Your Baby Has Arrived! Now What?

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Due Date Club of January 2018

New due 2-2-18 and this pregnancy is so different then my others

Hi everyone my name is Chrissy and I am new here. I am due 2-2-18 but I have had 3 c-sections and if...

Due Date Club of February 2018

Vaginal, C-Sec or VBAC???

My labor was induced with my daughter. I did 40 hours of labor, 20 hours before an epidural, 3.5 hou...

Due Date Club of February 2018

Boy or Girl?

With DD, I knew she was a girl right away. With this pgcy, I have NO clue for some reason! A friend ...

Due Date Club of February 2018

Maternity clothes

Who has them still? I gave all mine away last year. I'm getting some back from my bestie, and I snag...

Due Date Club of February 2018

Peppermint and ginger

im only 6 weeks , but felt a little nauseous this morning. I smelled my peppermint and ginger essent...

By JustMommies staff

You are practically an expert on pregnancy now, right? You've studied up for months, reading all the books on everything that you need to know about when you are expecting a baby. Once your newborn arrives, a funny thing happens on the way home from the hospital. All of that knowledge you spent nine months absorbing has a tendency to fly right out the window once you have this tiny, helpless little baby at home. (And aren't they tiny? They are so much smaller than we expect them to be!) Not to worry, here are a few of the basics to help you get on your feet as a new parent.

Breastfeeding or Formula

You probably know that breastfeeding is preferred over formula for your baby's health, as your breast milk provides baby with important nutrients and immunity. And, you probably spent a little time with a nursing expert at the hospital, who taught you how to help the baby latch on for a feeding. But how often do you feed this little guy?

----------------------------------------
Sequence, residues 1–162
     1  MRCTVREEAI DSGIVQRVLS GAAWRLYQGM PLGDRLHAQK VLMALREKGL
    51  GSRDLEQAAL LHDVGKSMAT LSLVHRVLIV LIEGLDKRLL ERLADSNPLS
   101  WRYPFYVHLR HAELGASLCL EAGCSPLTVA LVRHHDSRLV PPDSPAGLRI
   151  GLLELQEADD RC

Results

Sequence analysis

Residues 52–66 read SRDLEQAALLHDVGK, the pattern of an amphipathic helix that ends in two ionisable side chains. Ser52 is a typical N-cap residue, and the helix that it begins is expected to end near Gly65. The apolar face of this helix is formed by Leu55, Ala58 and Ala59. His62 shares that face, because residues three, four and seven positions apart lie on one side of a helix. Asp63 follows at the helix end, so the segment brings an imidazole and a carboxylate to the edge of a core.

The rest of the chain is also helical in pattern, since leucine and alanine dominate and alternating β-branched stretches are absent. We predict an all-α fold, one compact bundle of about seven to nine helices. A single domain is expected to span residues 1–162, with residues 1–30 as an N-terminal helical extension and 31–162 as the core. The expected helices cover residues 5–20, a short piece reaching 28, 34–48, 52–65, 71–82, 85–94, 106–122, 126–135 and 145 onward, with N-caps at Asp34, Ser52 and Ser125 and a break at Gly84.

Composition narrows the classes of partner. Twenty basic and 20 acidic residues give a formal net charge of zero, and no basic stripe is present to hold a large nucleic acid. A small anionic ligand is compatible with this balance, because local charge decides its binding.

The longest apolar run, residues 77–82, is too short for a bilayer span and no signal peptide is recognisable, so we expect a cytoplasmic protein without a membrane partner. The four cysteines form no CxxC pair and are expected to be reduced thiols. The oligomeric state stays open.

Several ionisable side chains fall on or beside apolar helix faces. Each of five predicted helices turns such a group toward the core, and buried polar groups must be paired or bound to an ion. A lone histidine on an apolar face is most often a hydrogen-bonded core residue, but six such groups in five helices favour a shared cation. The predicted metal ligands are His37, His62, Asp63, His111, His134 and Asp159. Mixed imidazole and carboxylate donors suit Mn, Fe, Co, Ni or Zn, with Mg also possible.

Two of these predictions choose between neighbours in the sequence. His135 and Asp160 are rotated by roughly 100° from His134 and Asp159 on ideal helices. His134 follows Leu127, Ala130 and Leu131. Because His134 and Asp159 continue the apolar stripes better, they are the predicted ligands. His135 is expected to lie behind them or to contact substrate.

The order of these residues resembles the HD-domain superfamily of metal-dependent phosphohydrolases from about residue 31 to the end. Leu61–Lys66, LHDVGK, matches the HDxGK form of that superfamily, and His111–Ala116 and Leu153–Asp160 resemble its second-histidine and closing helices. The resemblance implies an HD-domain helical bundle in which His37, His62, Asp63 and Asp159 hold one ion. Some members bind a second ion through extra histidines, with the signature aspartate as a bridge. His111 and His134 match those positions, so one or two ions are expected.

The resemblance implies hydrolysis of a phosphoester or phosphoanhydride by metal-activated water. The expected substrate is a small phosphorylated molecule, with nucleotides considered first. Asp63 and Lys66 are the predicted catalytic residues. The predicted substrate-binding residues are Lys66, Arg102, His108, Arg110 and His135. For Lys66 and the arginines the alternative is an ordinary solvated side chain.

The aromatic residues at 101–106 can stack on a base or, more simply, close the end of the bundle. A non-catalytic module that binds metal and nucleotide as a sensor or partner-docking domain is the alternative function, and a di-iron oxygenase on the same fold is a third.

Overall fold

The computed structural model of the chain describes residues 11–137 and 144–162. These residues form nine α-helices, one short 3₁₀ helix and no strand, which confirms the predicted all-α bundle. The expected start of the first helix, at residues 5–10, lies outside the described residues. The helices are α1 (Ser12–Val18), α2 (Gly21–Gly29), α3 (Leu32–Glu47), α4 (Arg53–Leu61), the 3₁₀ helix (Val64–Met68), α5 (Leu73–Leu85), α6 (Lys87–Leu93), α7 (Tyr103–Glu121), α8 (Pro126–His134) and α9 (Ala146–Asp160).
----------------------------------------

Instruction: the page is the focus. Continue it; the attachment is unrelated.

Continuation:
The thing to always keep in mind with a newborn, whether you're breastfeeding or bottle feeding with formula, is that baby has a really tiny stomach. Newborns can't eat a lot at each feeding, so the first week or two you may be breastfeeding once every two hours or so – and that could be around the clock! As they develop and get bigger, babies typically need to be fed every three to four hours.

Safe Bathing

Sponge baths with gentle baby wash are the order of the day until your baby is able to hold his head up on his own. Many baby bathtubs now come with a built-in thermometer that helps you gauge the exact temperature needed for the water. Buy one of these! They're cheap and they keep your baby safe from hot water burns. If you can't get one of these handy tubs, make sure the water is lukewarm. Also, make sure the water is only a few inches deep in the baby tub. Hold his head out of the water by cradling it in your hand or on your arm, and never leave the little one unattended during baths - even for a moment.

Establishing Sleep Patterns

Some babies take a long time to get on a regular nighttime sleep pattern, and others take right to it. Dream feeding is a popular method of getting babies to sleep for a few hours at night. Give a big feeding at 8 pm before you go down for the night. Then wake the baby up just enough to latch on to a nipple (or bottle) for one last feeding at about 10 pm. With a full tummy, they'll sometimes manage to sleep for four to six hours overnight. Trust us, you'll need a few more hours of sleep by this point!

When to Call the Doctor

Newborn babies are so tiny and delicate that our first instinct is always to rush to the emergency room when we detect the slightest problem. Fortunately, this isn't really necessary. Serious signs to watch for include fever, vomiting and diarrhea. If the baby has a sudden weight loss or becomes lethargic, that's also a warning sign that warrants a trip to the doctor's office. If the baby otherwise appears healthy, you can usually wait until morning before giving your pediatrician a call.

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